Archive for Famous Birders
I have nothing but admiration, verging indeed on awe, for those birders out there on the frontiers of identification by sound. Distinguishing the nocturnal calls of the Spizella sparrows or sorting through the flight notes of the warblers, there’s nothing these pioneers aren’t working out.
Predictably, some birders are already looking for the next cutting edge. Maybe they’ll find inspiration in a story from a long-ago autumn day on New York’s Jones Beach:
On November 7, 1948, walking along the high water line at Jones Beach, a rather large (14.75 inches) primary feather was noticed.* Picked up and passed close to the nostrils it appeared to have the characteristic odor of the Tubinares.
The feather made its way to the desk of Robert Cushman Murphy at the American Museum, who wrote on November 26 to say that the feather was “beyond any shadow of doubt that of an albatross…. It most closely resembles Diomedea chlororhynchus,” the bird we now know as the Atlantic yellow-nosed albatross.
The finder, David G. Nichols, pointed out the obvious lesson:
When one considers that the strong odor is the only reason that this feather was originally collected and identified, one is moved to speculate that similarly interesting plumage may occur along the beaches more frequently than is supposed. Drifted feathers might be worth some attention.
Just follow your nose.
Just a great black-backed gull this time, and no, I didn’t stop to sniff.
* Apparently the feather walked to Long Island.
Thomas Dearborn Burleigh, born 119 years ago today, spent his war months near Pontonx, in southwestern Aquitaine. Already he was “what might have been called a compulsive collector,” but, as he recalled in 1919 on his return to Pittsburgh,
owing to working six days a week and drilling the seventh, ornithology was temporarily neglected.
Eventually, though, Burleigh found time to start robbing the nests of the local birds: a barn swallow clutch here, a green woodpecker nest there, even two nightjar eggs in June 1918, taken from “a slashing in the woods.”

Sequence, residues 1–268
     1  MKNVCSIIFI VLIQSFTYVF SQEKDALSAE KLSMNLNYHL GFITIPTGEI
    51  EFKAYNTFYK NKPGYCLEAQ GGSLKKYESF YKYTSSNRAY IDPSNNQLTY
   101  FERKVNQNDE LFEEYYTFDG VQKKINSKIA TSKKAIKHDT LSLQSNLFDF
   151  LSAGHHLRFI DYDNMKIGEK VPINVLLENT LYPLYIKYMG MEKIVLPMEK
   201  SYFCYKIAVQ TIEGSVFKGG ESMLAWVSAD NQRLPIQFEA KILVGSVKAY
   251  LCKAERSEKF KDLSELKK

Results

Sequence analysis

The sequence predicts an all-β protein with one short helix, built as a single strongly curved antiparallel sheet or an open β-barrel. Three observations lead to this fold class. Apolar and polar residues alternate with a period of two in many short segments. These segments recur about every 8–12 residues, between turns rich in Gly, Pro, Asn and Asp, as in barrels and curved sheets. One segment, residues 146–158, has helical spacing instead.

Eggs, it seemed, were easy enough to come by. But the collecting was
the least of my difficulties for there still remained the necessity of blowing them and making good specimens of them. I pondered long over this matter and in the end succeeded beyond my modest expectations.
Burleigh’s pipe stem served him well as a blow pipe. And to make the hole? He found that he could use
a hat pin as a drill, concerning which no personal questions will be answered.
Today marks the bicentennial of the birth of Thomas Brewer.
This giant of American ornithology lives on today only in a few bird names.
Two hundred years is a long time, and it’s no surprise that Brewer is otherwise so little known today: time erodes. But his might be a more prominent name had he not ended up on the wrong end of a stick wielded by Elliott Coues.
If nobody really won the Sparrow Wars (unless it was the house sparrow), Brewer was definitely the loser, and his name is still sullied by Couesian insult 135 years after his death.
Today, though, causa pietatis, we can remember Brewer for the positive contributions he made to American ornithology and natural history.
Who can keep track of the quarrels and tussles between England and France and Burgundy in the later Middle Ages? All those Louises and Henrys and Charleses and Philips have always run together for me, even back in the days when it was my job to help others keep that sort of thing straight.
One story from that tumultuous time (you didn’t think I’d get through this without saying “tumultuous,” did you?) has always shone bright in the distant mirror, though: the slaughter of the magpies in 1468.
That was the year when Charles the Bold maneuvered Louis XI (known to his many friends as “The Universal Spider”) into turning over much of his territory in the Lowlands and abandoning his allies from Lüttich. The treaty sealing Louis’s humiliation was signed in the northern city of Péronne and ratified in October by the French parliament. According to the historian Louis Roy (no relation to the arachnid),
the inhabitants of Paris, given as they were to independent thinking and a constant spirit of mockery, taught their birds to whistle the word “Péronne.” The birds learned so well that once he had returned to his capital, the king could not walk the streets without hearing repeated on every side “Péronne,” the name of the city that brought back such unpleasant memories.
Louis did the only thing he logically could do: On November 19, 1468, a decree went forth confiscating “any magpie or jay able to speak the word Péronne or other such fine vocables.” Convicted of lèse-majesté, these “singular prisoners of the State” were — so says Louis Roy — summarily transported to Amboise, where they were massacred at the edge of the forest.
The shameful Treaty of Péronne was abrogated two years later. It was too late, though, for the magpies of Paris and their voluble kin.